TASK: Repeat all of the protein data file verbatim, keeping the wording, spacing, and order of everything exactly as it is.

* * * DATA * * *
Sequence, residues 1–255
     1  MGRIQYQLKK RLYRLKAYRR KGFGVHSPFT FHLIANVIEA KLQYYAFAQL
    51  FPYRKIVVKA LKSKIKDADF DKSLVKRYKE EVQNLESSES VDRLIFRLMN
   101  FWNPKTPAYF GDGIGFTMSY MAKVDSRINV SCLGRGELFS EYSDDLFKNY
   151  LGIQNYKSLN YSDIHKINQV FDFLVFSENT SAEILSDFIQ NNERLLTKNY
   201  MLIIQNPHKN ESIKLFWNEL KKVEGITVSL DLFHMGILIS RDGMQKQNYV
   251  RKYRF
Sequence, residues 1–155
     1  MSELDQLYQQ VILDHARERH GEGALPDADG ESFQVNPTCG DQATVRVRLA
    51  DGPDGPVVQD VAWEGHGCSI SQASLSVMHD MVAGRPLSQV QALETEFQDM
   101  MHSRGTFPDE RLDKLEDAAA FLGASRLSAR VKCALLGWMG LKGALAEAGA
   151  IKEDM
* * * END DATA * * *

Sequence, residues 1–255
     1  MGRIQYQLKK RLYRLKAYRR KGFGVHSPFT FHLIANVIEA KLQYYAFAQL
    51  FPYRKIVVKA LKSKIKDADF DKSLVKRYKE EVQNLESSES VDRLIFRLMN
   101  FWNPKTPAYF GDGIGFTMSY MAKVDSRINV SCLGRGELFS EYSDDLFKNY
   151  LGIQNYKSLN YSDIHKINQV FDFLVFSENT SAEILSDFIQ NNERLLTKNY
   201  MLIIQNPHKN ESIKLFWNEL KKVEGITVSL DLFHMGILIS RDGMQKQNYV
   251  RKYRF
Sequence, residues 1–155
     1  MSELDQLYQQ VILDHARERH GEGALPDADG ESFQVNPTCG DQATVRVRLA
    51  DGPDGPVVQD VAWEGHGCSI SQASLSVMHD MVAGRPLSQV QALETEFQDM
   101  MHSRGTFPDE RLDKLEDAAA FLGASRLSAR VKCALLGWMG LKGALAEAGA
   151  IKEDM